Anxiety Disorders – A Cell Therapy Treatment
Anxiety Disorders and Human Behavior
Anxiety Disorders involve excess fear and usually have negative emotional and behavioral consequences.
Individuals with anxiety disorders experience a panic attack and this is reflected when someone responds with fear.
The different types of anxiety disorders include:
Specific phobia (fear)
- The condition affects over 19 million adults
- Obsessive-compulsive disorder and post-traumatic disorder is closely related to anxiety disorders.
- It affects both men and women in the same way.
- Panic disorder affects up to 6 million adults yearly
- It occurs with major depression
- It affects both men and women in the same way
Obsessive-compulsive disorder – OCD
- OCD affects 2.2 million in the US making 1.0% of the population
- It affects people from the age of 19, with around 25% of the population suffering from the age of 14.
- One-third of the affected adults experience the same problem from their childhood.
Generalized Anxiety Disorder
- GAD affects around 6.8 million adults yearly. Out of the whole group, only 43.2% receive treatment.
- Women are twice as likely to be affected as men
Posttraumatic stress disorder – PTSD
- PTSD affects 7.7 million adults in the United States
- One of the causes of PTSD is rape where 65% of men are affected, and 45.9% of women are affected.
- Women and men are both affected
Facts and Stats
Anxiety disorder is a common disease in the United States affecting over 40 million grownups of 18 years and above.
Although the condition is treatable, around 36.9% of people with this disease receive treatment. People suffering from anxiety disorder make frequent visits to their doctors and sometimes they are admitted.
25.1% of children between the age of 13 to 18 years suffer from anxiety disorders. Research carried out shows that if left untreated, these children are likely to perform poorly in school.
The disease also co-occurs with other mental disorders like hyperactivity disorder, eating disorder, and depression.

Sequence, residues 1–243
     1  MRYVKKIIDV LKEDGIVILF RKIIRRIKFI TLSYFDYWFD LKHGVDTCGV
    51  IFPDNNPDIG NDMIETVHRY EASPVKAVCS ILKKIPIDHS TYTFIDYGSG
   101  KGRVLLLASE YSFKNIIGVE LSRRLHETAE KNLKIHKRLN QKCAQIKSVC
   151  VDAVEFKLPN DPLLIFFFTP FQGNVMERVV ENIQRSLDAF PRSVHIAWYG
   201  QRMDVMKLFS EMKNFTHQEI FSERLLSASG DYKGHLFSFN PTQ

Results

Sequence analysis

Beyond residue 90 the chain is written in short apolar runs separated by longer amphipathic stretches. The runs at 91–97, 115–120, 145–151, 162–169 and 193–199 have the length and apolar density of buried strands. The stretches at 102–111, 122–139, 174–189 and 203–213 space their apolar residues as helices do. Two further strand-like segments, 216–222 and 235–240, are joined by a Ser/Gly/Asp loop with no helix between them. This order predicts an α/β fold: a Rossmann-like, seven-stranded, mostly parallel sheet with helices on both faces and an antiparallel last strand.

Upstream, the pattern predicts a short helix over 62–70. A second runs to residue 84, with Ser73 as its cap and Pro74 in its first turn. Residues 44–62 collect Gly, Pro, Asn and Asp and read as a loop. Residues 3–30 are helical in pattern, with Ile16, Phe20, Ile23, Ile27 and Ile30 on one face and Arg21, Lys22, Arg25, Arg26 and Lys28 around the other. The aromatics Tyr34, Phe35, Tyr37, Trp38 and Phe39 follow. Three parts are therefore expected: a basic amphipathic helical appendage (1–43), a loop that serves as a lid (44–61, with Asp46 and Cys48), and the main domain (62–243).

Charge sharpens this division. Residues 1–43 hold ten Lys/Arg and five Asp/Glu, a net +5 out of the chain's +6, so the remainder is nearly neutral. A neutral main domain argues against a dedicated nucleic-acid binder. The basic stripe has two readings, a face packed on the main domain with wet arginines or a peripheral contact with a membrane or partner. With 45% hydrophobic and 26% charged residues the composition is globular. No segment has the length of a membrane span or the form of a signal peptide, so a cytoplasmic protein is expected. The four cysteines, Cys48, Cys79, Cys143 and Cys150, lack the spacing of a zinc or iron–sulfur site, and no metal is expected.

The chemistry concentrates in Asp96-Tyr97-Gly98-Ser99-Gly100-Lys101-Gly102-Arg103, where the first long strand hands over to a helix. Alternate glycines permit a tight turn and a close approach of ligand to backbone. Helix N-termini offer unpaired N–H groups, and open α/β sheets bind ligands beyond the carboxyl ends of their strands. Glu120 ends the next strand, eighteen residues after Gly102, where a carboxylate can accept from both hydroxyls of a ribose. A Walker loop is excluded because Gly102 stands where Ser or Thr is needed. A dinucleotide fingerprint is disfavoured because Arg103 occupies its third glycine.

Social phobia is the most common in the whole group and manifests before the age of 20. People with anxiety problems experience co-occurring mental health issues.
Once a person starts suffering panic attacks that is a sign of anxiety disorder.
Related Article – Affective Disorders – A Cell Therapy Approach
> Affective Disorders – Mood Disorders And Mental Health
Could Cell Therapy Help With Anxiety Disorders?
In recent years, use of cell therapy in treating different disease has grown dramatically. The most promising aspect of using live cells is their ability to provide relief to patients with chronic and untreatable disorders.
Cell Therapy is being considered a form of interventional pain management. The treatment involves injecting live cells in the affected area.
Cell Therapy is a fascinating method considering regenerative medicine is giving people with anxiety disorders a second chance at life. The generation and maintenance of new cells are imperative in improving stress disorders and generalized anxiety.
Injecting live cells through targeting pharmacologic intervention helps clinicians decide the appropriate cell therapy treatment for the affected part of the brain.
What Is Anxiety Disorder?
Anxiety results from stress and can be beneficial in various situations. They differ from regular feelings, and it can alert someone of impending danger or help one pay attention.
Over 30% of adults have been affected by anxiety disorder at some point in their life. The good news is the condition is treatable, and one can lead a healthy life again.
The disease affects 4% to 7% of people at different stages of their lifetime. Like any depressive disorder, it negatively affects the day to day activities of the people with the disease.
The disease is twice as common among women as among men and affects even children and teenagers.
Anxiety Disorders Symptoms
The symptoms of anxiety disorders may vary depending on the age and sex.
Some of the symptoms include: difficulty of concentrating, inability to let go of worry, feeling restless, indecisiveness, and fear of making the wrong decision.
Other symptoms may include difficulty in handling uncertainty, perceiving situations as threatening even when they are not, over thinking of all the possible plans to worst-case scenarios, and persistent worrying about situations that are beyond you.
Anxiety disorders also display some physical symptoms like sweating, nausea, fatigue, sleeping problems, feeling twitchy, and irritability.
The symptoms vary in teenagers, children, and grownups.
Causes and Risk Factors
The cause of anxiety disorders is not known, but it could likely be an amalgamation of risk factors such as developmental, psychological, environmental and genetics.
The condition is evident in some families making it possible for ecological problems and genes to produce the problem.
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